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The story of UPS, like the story of any great company, is a series of chapters in agility: a string of decisions made at the intersection of customer demand and technology.
What started as a messenger service in 1907 later evolved into a national common carrier … then a global company with not just brown trucks but airplanes with brown tails in the sky … then a digital force that could track packages instantly with the click of a button … and finally, the mobile-first organization we all know today.
In other words, for more than a century, UPS has operated as a collection of startups — always exploring, adapting and plotting a new course forward. Amid breakneck disruption, it’s an approach that will remain the foundation for all that we do.
UPS’s goal is to provide new solutions by leapfrogging current technologies and advancing our Global Smart Logistics Network. Our Advanced Technology Group is playing in many sandboxes — drones, artificial intelligence, robotics and augmented reality — to shape UPS’s future ... and to better serve our future customers.
"UPS’s goal is to provide new solutions by leapfrogging current technologies and advancing our Global Smart Logistics Network."
The takeaway? This is no linear journey. We’ve made many changes along the way — and will continue to do so as we redefine what’s possible in the world of transportation and logistics.
Taking a page out of our founder Jim Casey’s playbook, we’re venturing into many unexpected areas today.
For example, we wondered: What if we could connect the gig sharing model with warehousing? What if we could do something about that glut of unused capacity around the world?
Those simple questions served as the impetus behind Ware2Go, a new technology company and digital platform that matches available warehouse space and fulfillment services with merchants.
This innovation is a game changer for small and medium-sized businesses in particular, allowing them to position products closer to their customers, shortening their supply chains while tapping into profitable efficiencies.
In the healthcare space, with an assist from drone technology, we’re reimagining the delivery of life-saving medical products, both in the United States and remote communities on the other side of the world.
When thinking about delivering vaccines to under-served areas in Rwanda, for instance, the questions previously centered around how to construct a cold supply chain in places lacking electricity.
Turns out, those were the wrong questions. Thanks to advances in technology, we can circumvent those challenges altogether. Now we can move medical samples via drone in the African nation as soon as we receive a call from a healthcare professional.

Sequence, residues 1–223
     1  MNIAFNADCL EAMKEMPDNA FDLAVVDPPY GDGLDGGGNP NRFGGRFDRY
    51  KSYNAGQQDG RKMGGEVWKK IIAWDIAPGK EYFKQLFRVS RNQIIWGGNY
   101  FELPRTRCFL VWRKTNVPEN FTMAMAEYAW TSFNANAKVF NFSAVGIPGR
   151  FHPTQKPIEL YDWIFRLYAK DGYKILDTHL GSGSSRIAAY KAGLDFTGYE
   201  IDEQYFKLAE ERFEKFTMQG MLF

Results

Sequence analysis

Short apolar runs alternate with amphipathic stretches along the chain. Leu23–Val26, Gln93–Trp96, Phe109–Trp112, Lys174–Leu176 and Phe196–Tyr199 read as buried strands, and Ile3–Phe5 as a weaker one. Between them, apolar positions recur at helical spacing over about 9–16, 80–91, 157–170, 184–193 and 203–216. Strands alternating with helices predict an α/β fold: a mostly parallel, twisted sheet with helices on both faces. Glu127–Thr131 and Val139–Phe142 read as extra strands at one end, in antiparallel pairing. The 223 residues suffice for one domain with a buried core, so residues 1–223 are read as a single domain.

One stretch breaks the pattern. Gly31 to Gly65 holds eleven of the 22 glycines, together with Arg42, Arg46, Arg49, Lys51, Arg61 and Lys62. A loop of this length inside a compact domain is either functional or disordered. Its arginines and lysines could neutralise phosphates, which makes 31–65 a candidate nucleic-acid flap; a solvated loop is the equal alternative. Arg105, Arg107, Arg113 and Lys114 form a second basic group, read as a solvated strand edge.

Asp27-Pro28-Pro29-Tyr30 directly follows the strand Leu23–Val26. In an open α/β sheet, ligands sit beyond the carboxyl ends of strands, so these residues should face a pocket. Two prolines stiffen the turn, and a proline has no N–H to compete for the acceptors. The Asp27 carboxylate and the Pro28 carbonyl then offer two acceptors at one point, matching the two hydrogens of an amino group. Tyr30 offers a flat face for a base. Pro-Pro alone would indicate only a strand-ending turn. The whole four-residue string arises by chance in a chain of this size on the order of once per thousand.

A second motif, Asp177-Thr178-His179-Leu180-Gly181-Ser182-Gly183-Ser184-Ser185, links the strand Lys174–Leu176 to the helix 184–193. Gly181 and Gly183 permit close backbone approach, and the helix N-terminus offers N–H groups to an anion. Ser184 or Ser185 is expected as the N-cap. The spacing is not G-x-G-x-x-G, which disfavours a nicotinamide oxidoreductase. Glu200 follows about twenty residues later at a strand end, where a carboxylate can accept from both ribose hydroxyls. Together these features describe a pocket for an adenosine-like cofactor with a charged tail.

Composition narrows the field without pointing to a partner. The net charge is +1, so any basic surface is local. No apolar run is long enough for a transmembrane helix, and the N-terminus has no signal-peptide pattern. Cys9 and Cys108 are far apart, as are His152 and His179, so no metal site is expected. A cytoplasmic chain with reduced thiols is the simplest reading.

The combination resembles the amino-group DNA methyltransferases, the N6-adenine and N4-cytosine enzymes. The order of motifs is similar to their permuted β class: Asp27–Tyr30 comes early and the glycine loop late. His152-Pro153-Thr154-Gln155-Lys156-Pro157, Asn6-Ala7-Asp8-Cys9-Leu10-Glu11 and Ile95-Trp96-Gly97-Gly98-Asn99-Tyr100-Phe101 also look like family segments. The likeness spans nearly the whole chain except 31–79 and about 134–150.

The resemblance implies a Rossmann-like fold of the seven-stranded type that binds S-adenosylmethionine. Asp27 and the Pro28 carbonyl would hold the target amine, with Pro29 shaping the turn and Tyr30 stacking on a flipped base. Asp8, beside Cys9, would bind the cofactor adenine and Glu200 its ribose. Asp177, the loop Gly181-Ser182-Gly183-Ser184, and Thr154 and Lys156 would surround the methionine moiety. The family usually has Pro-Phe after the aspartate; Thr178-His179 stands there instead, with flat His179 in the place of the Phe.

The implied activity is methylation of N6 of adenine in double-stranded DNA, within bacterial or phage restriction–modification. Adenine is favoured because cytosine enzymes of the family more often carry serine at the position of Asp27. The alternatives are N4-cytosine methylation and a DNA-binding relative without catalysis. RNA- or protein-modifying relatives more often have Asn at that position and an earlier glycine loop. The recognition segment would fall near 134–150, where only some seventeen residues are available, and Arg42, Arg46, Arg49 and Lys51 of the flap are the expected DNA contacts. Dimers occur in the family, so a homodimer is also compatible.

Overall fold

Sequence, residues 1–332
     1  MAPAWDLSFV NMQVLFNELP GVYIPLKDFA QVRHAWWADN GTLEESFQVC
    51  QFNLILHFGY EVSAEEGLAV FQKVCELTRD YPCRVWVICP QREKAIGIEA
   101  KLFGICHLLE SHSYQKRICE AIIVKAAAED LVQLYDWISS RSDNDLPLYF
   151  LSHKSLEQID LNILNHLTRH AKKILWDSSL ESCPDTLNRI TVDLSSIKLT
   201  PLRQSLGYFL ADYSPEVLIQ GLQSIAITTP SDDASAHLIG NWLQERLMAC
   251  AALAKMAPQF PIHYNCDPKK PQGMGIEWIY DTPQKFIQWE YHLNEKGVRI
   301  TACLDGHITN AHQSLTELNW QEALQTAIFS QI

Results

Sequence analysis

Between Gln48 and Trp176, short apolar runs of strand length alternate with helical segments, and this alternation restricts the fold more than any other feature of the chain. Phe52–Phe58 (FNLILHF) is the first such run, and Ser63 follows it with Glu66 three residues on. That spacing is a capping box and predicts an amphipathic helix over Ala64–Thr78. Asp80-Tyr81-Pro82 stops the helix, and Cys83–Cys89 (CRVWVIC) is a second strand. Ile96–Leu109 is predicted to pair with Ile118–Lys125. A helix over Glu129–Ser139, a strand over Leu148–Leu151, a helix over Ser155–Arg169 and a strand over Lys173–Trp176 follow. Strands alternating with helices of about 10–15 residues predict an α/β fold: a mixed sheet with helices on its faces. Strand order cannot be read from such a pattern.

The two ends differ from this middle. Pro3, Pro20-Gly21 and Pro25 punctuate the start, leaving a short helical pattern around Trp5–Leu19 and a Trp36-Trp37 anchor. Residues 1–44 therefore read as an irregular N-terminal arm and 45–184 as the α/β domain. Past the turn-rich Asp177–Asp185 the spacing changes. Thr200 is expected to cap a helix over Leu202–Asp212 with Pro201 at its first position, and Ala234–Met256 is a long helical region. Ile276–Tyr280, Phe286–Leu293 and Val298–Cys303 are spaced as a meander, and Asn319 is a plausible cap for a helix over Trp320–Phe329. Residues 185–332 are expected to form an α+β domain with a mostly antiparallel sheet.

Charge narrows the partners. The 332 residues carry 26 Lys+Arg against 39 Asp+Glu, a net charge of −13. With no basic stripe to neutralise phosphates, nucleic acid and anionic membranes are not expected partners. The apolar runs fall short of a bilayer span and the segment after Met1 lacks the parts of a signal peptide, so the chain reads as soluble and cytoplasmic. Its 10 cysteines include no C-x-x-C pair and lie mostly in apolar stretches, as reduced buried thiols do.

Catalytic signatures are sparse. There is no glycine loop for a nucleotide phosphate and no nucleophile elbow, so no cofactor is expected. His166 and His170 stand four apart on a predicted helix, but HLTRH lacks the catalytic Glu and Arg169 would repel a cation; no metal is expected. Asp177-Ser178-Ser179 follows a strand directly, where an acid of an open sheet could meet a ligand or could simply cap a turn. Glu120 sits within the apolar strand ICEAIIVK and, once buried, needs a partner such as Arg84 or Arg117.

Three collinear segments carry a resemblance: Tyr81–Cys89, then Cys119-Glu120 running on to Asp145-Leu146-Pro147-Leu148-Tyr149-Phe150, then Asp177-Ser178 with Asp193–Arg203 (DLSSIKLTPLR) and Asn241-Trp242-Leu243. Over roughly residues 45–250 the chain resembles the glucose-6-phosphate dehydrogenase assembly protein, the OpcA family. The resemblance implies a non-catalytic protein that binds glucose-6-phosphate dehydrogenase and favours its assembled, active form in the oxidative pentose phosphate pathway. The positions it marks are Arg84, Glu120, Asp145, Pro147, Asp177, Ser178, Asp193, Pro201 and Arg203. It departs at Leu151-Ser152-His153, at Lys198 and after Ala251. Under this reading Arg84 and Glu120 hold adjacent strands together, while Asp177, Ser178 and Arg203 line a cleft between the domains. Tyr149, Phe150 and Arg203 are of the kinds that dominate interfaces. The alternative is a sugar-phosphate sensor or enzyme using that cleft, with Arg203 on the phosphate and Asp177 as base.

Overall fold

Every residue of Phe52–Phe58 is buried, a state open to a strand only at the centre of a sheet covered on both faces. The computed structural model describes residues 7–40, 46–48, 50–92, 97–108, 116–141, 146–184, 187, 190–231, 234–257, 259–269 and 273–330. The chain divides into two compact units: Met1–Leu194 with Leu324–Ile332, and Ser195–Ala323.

And when every second matters, this will certainly save lives.
Back in the United States, a similar business pivot is underway.
We made history in healthcare logistics through our collaboration with drone manufacturer Matternet to deliver medical samples via unmanned aerial vehicles in Raleigh, North Carolina.
The first autonomous drone service ever sanctioned by the Federal Aviation Administration, we now make routine daily drone flights of medical samples from clinics to central laboratory at WakeMed Health & Hospitals’ flagship facility.
These are not tests — these are revenue-generating flights. The lessons we take from this collaboration will certainly pave our path to additional commercial applications in the future.
For example, what could this technology mean in assisting drivers in delivering packages in rural settings? And how might it enhance our last-mile efforts globally?
Each of these pivots effectively represent a new business model, a new chapter in UPS’s century-long commitment to predict customer needs and align emerging technologies with those needs.
Technology for technology’s sake is not enough. For us, it starts first with assessing customer needs and then identifying the right technology that can work within the context of our network.
A drone by itself doesn’t mean a whole lot unless you figure out how to use it efficiently, reliably and safely, and a robot isn’t that effective unless you can design it to move parcels as small as envelopes and larger items like mini fridges.
"We look at innovation through the prism of the three A’s: authority, autonomy and action."
When we look at the next innovations for UPS and the culture that will enable them, we do so through the prism of the three A’s: authority, autonomy and action.
Without all three, you don’t have the foundation for a successful business pivot — the next UPS startup.
I can confidently say that UPS is placing a lot of smart bets. That’s why we expect to win in the future, bringing our expertise and culture of constructive dissatisfaction to solve the greatest challenges this fast-moving world has to offer.
Some new ideas work, some don’t. But you have to constantly innovate. Unless you’re in the game, you’re not going to win.
How will we win?
With a modern twist on what this company did in its nascent stages more than a century ago.
We’ll set up shop at the intersection of customer demand and technology.
This article was adapted from Bala Ganesh’s remarks at the U.S. Chamber of Commerce Foundation’s Board of Directors Meeting.
Longitudes explores and navigates the trends reshaping the global economy and the way we’ll live in the world of tomorrow: logistics, technology, e-commerce, trade and sustainability. Which path will you take?